So, for right now, I want to say Adieu to my old life, hello to the new one, and a big welcome back to my blog! I am so happy to be back here and writing again and looking forward to a new chapter of life!


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Shedding Light on Female Artists | Banff Diaries 2

In this video I talk about the questions that have been on my mind since being at the Banff Centre; about staying motivated to make music and art in a world full of monsters like Trump and, particularly, about all of the women artists that have been forgotten or were never known, simply because they were women. I am hoping, with my project, to shed some light on this issue, and to give at least one of these women a voice.

Check out my last video, where I arrived at the beautiful Banff Centre and began my artist residency here!

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Why The ‘You’re Too Young To Understand’ Argument Just Doesn’t Stand Up

I have recently encountered, in various different areas of my life, an argument being thrown around by the older generation towards my own age group, that says we are ‘too young’ to be getting  involved in serious political or social issues.  Perhaps it has been one of those things where, once you notice it happening once or twice, you start to see it all over the place.  Regardless, I find so much at fault with this mentality, so many important messages to be taken from it, that it sparked a blog post within me, so here we go!

To give some context, I thought I would talk about a couple of examples of when I have directly faced an argument like this.  The first happened a couple of weeks ago.  I have been planning a concert in London for a while now, with my newly formed, diverse and ‘cutting edge’ ensemble, Hauptstimmen.  The goal of this group of classical chamber musicians is to bring our music to a wider audience, to break down boundaries that we have experienced in our world of classical music and make it an all-inclusive art form, something that everyone can share in and take something away from.  We have organised a concert ourselves in London next week (see all the details here, please come!!), and the theme of our programme is ‘war, time and death’.  I know it sounds a little dark and depressing, but actually it is really fascinating; we are going to be performing unique music that is very rarely heard, including Gideon Klein’s string trio, which was the last piece he ever wrote, just two weeks before being deported to Auschwitz.  It isn’t just going to be a concert – it is going to be a real experience, with cool lighting, sound effects and stage design, where the audience will be encouraged to feel completely at ease with drinks and snacks and also totally engaged with our performance.  In short, this is an event that we have put a lot of thought and work into and one which we think will really create huge impact.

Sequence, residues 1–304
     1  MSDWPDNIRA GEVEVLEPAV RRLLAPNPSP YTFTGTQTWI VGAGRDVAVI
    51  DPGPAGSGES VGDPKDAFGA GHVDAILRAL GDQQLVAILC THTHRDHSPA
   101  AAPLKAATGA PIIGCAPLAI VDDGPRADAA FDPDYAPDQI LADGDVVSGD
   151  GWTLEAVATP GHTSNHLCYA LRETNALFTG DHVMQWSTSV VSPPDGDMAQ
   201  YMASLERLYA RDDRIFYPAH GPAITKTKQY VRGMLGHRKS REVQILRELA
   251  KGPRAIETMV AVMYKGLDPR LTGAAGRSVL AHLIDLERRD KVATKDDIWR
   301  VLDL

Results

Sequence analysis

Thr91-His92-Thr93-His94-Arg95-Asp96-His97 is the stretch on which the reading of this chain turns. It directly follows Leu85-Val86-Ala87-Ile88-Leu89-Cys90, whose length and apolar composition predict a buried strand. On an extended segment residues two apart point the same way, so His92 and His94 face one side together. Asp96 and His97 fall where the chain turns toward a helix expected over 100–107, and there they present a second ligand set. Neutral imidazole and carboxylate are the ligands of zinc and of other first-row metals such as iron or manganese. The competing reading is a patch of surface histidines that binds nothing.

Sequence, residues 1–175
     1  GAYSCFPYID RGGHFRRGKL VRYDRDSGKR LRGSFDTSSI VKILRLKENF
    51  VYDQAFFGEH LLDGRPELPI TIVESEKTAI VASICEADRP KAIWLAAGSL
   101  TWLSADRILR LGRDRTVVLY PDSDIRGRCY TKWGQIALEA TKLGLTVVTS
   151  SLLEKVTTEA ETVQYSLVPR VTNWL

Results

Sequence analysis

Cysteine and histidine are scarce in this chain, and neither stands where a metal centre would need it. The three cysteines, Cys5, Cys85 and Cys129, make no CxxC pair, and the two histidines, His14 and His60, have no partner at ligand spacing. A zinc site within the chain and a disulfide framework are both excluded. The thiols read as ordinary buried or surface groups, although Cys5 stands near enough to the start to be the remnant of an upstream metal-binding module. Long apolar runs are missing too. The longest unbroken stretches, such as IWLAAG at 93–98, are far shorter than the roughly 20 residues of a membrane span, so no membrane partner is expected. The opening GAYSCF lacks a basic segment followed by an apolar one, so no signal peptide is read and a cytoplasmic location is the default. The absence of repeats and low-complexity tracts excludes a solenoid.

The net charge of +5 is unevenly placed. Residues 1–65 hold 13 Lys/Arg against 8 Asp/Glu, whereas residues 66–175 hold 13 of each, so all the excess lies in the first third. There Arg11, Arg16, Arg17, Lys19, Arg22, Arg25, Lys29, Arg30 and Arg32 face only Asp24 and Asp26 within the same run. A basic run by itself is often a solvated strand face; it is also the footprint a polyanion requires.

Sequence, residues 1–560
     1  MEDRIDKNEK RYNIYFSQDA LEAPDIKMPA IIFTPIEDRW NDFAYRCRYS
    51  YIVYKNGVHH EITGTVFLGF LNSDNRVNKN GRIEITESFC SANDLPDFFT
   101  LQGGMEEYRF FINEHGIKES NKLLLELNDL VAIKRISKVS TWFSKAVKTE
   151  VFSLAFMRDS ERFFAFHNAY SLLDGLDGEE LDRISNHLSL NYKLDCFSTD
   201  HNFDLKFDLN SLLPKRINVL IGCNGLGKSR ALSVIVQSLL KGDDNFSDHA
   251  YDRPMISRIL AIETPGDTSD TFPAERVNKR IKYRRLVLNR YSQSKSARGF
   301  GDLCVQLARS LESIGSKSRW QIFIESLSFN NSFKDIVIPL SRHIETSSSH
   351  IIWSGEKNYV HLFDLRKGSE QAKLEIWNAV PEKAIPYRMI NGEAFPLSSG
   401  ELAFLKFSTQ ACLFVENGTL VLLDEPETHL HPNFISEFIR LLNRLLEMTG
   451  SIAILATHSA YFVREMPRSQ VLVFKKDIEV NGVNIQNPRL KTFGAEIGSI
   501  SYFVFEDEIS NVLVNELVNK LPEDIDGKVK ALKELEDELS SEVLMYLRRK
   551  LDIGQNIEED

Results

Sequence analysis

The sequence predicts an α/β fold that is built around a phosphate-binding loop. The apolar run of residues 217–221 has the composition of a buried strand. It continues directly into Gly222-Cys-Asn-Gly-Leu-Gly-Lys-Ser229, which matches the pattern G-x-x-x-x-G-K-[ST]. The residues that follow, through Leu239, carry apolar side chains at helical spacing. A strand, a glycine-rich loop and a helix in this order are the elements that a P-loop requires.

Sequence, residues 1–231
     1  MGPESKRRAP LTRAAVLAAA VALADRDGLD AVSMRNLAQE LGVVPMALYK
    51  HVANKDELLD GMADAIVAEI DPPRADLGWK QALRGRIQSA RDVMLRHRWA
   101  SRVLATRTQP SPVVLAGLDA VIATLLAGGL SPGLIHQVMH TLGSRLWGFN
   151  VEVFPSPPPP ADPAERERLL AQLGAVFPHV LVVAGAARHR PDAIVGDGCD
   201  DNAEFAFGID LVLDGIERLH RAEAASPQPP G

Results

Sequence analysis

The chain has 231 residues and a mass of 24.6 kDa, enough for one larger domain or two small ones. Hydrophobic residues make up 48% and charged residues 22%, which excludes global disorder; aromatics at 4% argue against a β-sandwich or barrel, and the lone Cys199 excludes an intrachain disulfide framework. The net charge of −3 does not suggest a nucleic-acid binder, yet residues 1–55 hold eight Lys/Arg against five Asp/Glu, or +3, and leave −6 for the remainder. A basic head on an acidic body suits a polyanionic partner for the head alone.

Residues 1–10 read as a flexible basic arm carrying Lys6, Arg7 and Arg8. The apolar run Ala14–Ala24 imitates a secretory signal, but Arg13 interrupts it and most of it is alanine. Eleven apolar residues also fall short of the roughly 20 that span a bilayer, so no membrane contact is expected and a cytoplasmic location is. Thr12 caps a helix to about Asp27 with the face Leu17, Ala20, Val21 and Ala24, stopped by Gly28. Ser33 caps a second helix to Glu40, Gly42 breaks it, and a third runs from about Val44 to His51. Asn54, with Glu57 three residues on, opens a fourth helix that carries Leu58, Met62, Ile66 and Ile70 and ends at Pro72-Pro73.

Now, in organising this concert, finding the right venue has obviously been extremely important – the space is paramount to the whole experience, and so it was something we knew we had to get right.  We were overjoyed to find The Red Hedgehog, a cool and intimate venue with easy access in London.  When our group leader met with the venue director, she seemed totally on board and supportive of all of our ideas, so everything looked bright for us.  Two weeks ago, we received an email from this same director and let’s just say that it completely contradicted everything that had been agreed on previously and everything we are striving to achieve.  Her overarching message to us was that we were far too young to be presenting a concert that placed war as its central theme.